There are only two ways to haul this kayak on this trailer. First of all this trailer is way short, and j cradles will work because the weight is concentrated on the sides of the hull, not the bottom. The other way is to bolt or screw two 2x4s to the trailer (spaced appropriately) and on each end of the two boards bolt or screw a cross section that will be directly under each bulkhead. That is where you would tie your kayak (bottom down) without warping it. You can glue or tie contoured foam blocks to the 2x4s. Also for the extent ions you could have some steel tube welded instead of using wood.

I Second This!
But would lengthen the wooden side rails and narrow the spacing between them before attaching the webbing and suspending the kayak.

On edge
I haul all of my boats on the trailer on edge. First, you should consider elevating the rack the boat is carried on, so that it is closer to eye level with following drivers. Have uprights mounted wide enough to allow the boat between them on edge, but leave enough room for plenty of padding. Try to arrange cross bars as close to bulkhead locations in the boat as possible.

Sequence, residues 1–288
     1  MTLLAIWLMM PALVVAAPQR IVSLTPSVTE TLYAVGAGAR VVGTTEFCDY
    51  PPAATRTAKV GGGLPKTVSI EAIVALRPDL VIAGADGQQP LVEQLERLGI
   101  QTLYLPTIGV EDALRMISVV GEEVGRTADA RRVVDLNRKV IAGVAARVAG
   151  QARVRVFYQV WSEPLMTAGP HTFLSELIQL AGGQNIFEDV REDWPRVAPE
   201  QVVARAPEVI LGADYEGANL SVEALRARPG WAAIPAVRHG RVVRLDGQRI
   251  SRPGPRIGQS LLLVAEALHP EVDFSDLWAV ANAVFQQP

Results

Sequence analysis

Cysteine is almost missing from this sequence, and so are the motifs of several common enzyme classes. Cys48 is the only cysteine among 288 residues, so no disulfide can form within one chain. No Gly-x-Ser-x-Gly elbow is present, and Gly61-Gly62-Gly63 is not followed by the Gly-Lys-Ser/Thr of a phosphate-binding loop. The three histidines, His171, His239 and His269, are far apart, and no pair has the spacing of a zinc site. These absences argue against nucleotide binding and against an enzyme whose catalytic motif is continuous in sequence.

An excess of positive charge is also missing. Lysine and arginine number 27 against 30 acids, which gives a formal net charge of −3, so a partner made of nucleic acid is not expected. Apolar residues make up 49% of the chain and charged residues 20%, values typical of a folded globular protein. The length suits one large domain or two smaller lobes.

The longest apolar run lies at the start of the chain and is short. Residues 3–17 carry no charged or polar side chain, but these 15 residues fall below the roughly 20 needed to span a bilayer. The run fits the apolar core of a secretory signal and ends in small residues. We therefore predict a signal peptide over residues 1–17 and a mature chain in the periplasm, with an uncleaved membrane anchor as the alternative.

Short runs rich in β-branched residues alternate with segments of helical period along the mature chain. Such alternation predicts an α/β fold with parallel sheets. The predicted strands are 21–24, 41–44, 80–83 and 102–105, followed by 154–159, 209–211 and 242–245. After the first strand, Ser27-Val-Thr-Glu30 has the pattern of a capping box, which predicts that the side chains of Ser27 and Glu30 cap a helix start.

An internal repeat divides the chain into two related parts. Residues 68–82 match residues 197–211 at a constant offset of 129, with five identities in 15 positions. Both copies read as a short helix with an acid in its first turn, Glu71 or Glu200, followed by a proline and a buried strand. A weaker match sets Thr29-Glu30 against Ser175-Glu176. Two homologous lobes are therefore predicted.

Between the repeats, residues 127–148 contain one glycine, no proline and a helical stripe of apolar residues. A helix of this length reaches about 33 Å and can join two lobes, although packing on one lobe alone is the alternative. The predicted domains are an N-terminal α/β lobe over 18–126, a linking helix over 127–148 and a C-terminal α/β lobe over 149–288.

I have four cross bars that are spaced about 30" apart so that they support the center of the boat and not the ends. On edge, the boat is the most rigid and should resist deforming best. I cover all the supports with wrappings of carpet underlayment foam and then wrap layers of plush carpet over that. The wraps are held in place with strong duct tap.

My trailer is stored outdoors year round and this stuff lasts for years out in the weather. You can get all the underlayment and carpet for free from almost any flooring (carpet) dealer just for hauling it away. They always have lots of leftovers from install jobs.